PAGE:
Penalties. Violations of the FCPA can lead to criminal, civil, or administrative enforcement actions. In the past several years, FCPA cases have resulted in the largest criminal and civil penalties ever assessed against companies for FCPA violations. The adequacy of a company’s ethics and compliance program is one of the factors that the DOJ and SEC consider when deciding whether, and to what extent, disciplinary action should be taken against the company. Therefore, companies should implement and maintain robust compliance programs to avoid excessive penalties. The cases below are just some of the examples of the excessive penalties some companies have paid in recent years to settle criminal and civil FCPA charges.


In December 2008, Siemens AG and three of its subsidiaries agreed to pay a combined criminal penalty of $450 million to the DOJ to resolve FCPA charges, the largest FCPA-related monetary penalty ever assessed against a company. Siemens also agreed to pay $350 million in disgorgement of profits to the SEC to settle civil FCPA charges arising from the same conduct. Similarly, in March 2010, BAE Systems plc agreed to pay a $400 million criminal penalty to the DOJ to resolve criminal FCPA charges. In May 2013, Total S.A. agreed to pay a $245 million monetary penalty to the DOJ and an additional $153 million in disgorgement and prejudgment interest to the SEC to settle criminal and civil FCPA charges.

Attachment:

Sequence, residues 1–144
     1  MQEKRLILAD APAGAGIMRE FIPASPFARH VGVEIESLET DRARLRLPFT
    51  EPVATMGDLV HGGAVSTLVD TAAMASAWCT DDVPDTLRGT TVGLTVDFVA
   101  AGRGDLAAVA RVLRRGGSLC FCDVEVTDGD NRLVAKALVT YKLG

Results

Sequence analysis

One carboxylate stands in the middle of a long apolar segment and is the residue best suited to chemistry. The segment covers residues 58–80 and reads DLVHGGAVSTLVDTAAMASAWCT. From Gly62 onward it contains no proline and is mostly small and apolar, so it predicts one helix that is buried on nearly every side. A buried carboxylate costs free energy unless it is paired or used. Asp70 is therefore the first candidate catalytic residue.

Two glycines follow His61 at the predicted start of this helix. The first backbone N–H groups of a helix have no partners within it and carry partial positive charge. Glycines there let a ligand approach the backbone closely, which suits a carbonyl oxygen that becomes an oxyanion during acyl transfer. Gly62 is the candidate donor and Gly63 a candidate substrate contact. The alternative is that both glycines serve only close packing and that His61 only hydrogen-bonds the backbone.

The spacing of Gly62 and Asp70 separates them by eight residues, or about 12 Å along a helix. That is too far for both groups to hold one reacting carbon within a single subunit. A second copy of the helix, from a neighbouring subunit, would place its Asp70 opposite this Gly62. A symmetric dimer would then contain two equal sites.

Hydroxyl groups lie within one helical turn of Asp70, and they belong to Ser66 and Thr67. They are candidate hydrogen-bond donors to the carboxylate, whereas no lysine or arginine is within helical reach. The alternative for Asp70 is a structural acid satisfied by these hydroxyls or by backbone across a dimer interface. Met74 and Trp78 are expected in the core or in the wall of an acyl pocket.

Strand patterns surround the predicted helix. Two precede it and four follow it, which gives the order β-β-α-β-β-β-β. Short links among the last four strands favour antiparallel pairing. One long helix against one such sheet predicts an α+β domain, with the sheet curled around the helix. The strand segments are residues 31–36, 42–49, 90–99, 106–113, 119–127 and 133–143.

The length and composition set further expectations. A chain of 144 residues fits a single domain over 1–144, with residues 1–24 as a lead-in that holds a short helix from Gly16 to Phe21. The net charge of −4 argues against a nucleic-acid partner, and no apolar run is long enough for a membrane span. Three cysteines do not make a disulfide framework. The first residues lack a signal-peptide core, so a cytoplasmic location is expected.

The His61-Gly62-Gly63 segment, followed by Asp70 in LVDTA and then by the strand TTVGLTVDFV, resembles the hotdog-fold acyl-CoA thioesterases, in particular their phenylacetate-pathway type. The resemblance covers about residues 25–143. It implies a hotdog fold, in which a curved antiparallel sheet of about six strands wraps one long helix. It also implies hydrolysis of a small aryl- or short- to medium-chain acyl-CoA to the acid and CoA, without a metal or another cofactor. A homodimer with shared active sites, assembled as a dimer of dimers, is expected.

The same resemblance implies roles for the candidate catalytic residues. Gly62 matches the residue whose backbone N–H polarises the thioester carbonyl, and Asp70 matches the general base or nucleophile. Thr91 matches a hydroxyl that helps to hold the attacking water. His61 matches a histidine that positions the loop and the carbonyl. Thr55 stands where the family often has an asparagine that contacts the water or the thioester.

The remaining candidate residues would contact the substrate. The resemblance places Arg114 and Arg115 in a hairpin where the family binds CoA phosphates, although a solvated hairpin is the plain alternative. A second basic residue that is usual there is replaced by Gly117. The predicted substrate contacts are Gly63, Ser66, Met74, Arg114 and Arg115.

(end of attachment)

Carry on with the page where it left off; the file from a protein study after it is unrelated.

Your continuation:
Conclusion

As illustrated by recent enforcement actions, the DOJ and SEC have been increasingly aggressive in their enforcement of potential FCPA violations. While the joint DOJ and SEC FCPA guidance resolved some of the ambiguity surrounding FCPA enforcement, it broke little new ground and largely maintained the status quo. Therefore, as long as the FCPA remains one of the government’s top enforcement priorities, practitioners should not expect the DOJ and SEC to impose limits on their ability to ensnare conduct all over the world.


Keywords: criminal litigation, FCPA, anti-bribery, SEC, DOJ, extraterritorial enforcement


Felicia C. Quentzel is with McKenna Long & Aldridge LLP in Washington, D.C.